State of Conservation (SOC)
Belovezhskaya Pushcha / Białowieża Forest (2003)
UNESCO Extra-Budgetary Funds
International Assistance granted to the property
Total Amount Ap proved:0USD
Factors* affecting the property identified in previous reports
- Logging operations;
- Need for a management plan
Current conservation issues
The National Commission of Belarus submitted a report on the situation of the site dated 10 September 2002, providing the following information: 1. The name of the site has been changed following the Decree of the President of Belarus dated 16 March 1999. This had no impact on the legal status of the site. 2. Concerning the logging of 17 lots of relic forest and 200,000 cubic meters of forest, the report stated that these were due to an outbreak of bark- beetle. The World Heritage status applies only to the absolute preservation zone and in this area no logging took place, only in other functional zones. 3. Concerning commercial hunting, it stated that wolf hunting is allowed, as wolf numbers have increased. Within the GEF project on the “Protection of Biodiversity of Forest in Belovezhskaia Pushcha”, animal counts were carried out and recommendations were made. 4. The drainage system was already set up in the 1960s – its negative effect on the adjacent ecosystems is now stabilized and the areas are gradually becoming covered by forest. Small water reservoirs are in place. 5. Concerning the gas reservoir, the report underlines that no construction of such reservoirs is undertaken in or near the World Heritage site.
In a report received on 11 September 2002 from the Director of the Polish National Park, it was stated that due to extremely dry years, the loss of spruce stands and dispersion of bark- beetles have been observed. Operations of cut-out and removal of dead spruce stock from the forest were carried out.
IUCN has received a large number of letters and E-mails from local and international NGO’s and concerned individuals in relation to the state of conservation of this transboundary site. In particular, they highlighted extensive logging operations in both countries around the site, logging of trees more than 100 years old, and concern over the management of the bark-beetle infection and felled trees, which are inducing negative impacts on the site.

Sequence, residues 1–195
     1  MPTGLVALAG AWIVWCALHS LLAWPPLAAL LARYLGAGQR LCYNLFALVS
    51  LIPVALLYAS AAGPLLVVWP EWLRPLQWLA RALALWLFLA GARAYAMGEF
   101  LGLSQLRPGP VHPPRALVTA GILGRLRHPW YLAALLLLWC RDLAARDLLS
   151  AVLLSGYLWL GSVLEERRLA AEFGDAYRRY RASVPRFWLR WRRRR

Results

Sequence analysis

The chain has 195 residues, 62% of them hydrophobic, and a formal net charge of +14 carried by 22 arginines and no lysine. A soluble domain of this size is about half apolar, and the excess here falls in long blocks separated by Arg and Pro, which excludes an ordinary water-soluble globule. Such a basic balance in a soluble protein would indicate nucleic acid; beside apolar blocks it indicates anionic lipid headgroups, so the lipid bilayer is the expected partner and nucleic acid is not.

IUCN notes, however, that the information received from these various organizations and individuals through letters or discussions with IUCN staff, is often conflicting with that received from the two States Parties. As a result, IUCN highly recommends that a joint IUCN / UNESCO monitoring mission be invited in order to gather first-hand information on the state of conservation of the site and to meet with the various stakeholders in each country.
Analysis and Conclusion
Link to the decision
The World Heritage Committee,
1. Notes the information provided by both States Parties;
2. Encourages UNESCO and IUCN to undertake a monitoring mission to visit the property in 2003 in co-operation with the States Parties to review the state of conservation of the property and possibilities for transboundary management co-operation and to meet with all relevant stakeholders in both Belarus and Poland;
3. Requests a report on the mission to be provided in order that the World Heritage Committee can examine the state of conservation of the property at its 28th session in 2004.
Draft Decision: 27 COM 7 (b) 14
The World Heritage Committee,
1. Notes the information provided by both States Parties,
2. Encourages the States Parties to invite a joint UNESCO-IUCN monitoring mission to visit the site in 2003 to review the state of conservation of the site and possibilities for transboundary management cooperation and to meet with all relevant stakeholders in both Belarus and Poland,
3. Requests a report on the mission to be provided for review by its 28th session in 2004.
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The threats indicated are listed in alphabetical order; their order does not constitute a classification according to the importance of their impact on the property.
Furthermore, they are presented irrespective of the type of threat faced by the property, i.e. with specific and proven imminent danger (“ascertained danger”) or with threats which could have deleterious effects on the property’s Outstanding Universal Value (“potential danger”).